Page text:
For cameras, I knew wanted 3, maybe 4 angles. GoPro’s were an option, but on the wish list was a Pan-Tilt-Zoom (PTZ) setup to allow me to run the studio alone. Plan A was to rent some Panasonic HE60’s and a RP120, but I wrangled some HE130’s from Panasonic to test. The HE130’s were light enough to mount on Matthews light stands with a Noga ball head (in case I needed angle adjustment). This would save on weight and additional cost of tripods. Another big benefit is that the HE130’s can be powered and controlled via a single ethernet cable (POE+). This would make the setup cleaner and simple.
The cameras were fed into an AJA IO 4K box connected to my 15” MacBookPro. Using AJA’s software, I configured the box to pass 4 distinct HD 720p signals into Wirecast. This was key to keeping the footprint small and manageable.
For audio, I used an existing Allen & Heath Zed10 from my edit suite. A little big, but great sound, and could handle 4 mics.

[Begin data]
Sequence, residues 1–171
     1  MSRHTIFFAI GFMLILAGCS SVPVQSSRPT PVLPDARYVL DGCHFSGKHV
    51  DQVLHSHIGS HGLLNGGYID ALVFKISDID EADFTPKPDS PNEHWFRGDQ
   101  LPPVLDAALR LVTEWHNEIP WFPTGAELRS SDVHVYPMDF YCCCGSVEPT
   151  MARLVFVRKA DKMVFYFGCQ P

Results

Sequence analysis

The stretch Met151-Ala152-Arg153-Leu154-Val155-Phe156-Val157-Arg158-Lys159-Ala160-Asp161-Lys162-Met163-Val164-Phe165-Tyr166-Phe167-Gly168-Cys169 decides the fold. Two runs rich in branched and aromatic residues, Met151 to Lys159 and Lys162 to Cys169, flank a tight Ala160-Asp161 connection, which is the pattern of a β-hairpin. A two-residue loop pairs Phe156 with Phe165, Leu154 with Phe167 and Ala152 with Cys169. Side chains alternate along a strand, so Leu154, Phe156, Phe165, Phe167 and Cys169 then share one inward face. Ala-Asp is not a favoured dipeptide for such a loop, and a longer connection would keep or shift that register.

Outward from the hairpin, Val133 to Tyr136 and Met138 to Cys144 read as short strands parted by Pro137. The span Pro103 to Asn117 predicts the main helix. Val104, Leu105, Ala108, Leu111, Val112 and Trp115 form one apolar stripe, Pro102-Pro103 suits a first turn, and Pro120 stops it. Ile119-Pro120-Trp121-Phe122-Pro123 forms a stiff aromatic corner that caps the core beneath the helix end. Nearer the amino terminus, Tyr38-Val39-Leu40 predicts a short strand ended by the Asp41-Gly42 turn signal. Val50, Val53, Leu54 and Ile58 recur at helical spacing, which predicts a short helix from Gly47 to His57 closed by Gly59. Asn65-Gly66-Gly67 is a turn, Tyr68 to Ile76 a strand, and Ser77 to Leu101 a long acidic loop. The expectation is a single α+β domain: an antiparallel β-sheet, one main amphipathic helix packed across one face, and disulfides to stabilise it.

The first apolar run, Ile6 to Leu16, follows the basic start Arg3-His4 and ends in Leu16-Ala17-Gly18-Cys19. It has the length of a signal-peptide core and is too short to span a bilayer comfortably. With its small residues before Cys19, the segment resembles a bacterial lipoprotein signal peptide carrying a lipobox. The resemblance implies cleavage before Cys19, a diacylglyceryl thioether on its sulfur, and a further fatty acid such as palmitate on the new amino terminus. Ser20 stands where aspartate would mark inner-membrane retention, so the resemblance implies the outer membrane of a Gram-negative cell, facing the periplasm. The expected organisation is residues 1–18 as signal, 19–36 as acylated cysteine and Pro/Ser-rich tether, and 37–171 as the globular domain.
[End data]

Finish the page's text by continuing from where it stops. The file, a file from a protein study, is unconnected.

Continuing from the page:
I just picked up a BlackMagic VideoAssist prior to the race, and brought it along to serve as my video monitor/recorder. An AJA T-Tap provided the proper outputs from Wirecast. A Livestream Broadcaster was the encoder engine to the CDN.
Lighting was tricky, knowing that i needed to keep it small. The original plan was to shoot on an outdoor patio, so HMI’s were the only choice. I had a Joker 400/200 kit to use, but wanted something else. I had rented a Westcott FLEX LED 1×3 from LensProToGo and was so impressed with the output that I purchased my own Westcott 1×1 travel kit with two panels. It’s a complete kit in a small travel case that includes batteries, dimmers and stands. The whole kit weights 50lbs and I was very impressed with it.
Take to the Sky
One of the most exciting and challenging parts of this year’s Insider coverage was the live video from the checkpoints. Never, outside of the state of Alaska, has our audience experienced live video from the checkpoints. There are many reasons for this, but the main issue is that satellite coverage in Alaska is not great, and the throughput on small dishes is limited. There are no roads between many of the checkpoints on the Iditarod trail, so everything needs to be flown on bush planes. Think small and light.